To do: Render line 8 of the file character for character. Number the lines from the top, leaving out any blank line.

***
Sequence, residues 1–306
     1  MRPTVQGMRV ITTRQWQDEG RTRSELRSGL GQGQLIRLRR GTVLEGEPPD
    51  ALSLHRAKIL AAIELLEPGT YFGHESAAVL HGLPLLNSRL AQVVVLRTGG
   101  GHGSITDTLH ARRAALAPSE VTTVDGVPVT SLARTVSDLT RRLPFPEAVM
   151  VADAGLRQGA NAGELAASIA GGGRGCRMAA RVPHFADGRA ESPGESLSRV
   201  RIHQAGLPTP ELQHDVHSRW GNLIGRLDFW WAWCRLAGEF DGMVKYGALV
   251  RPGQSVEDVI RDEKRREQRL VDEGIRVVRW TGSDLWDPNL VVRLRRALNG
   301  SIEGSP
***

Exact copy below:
   301  SIEGSP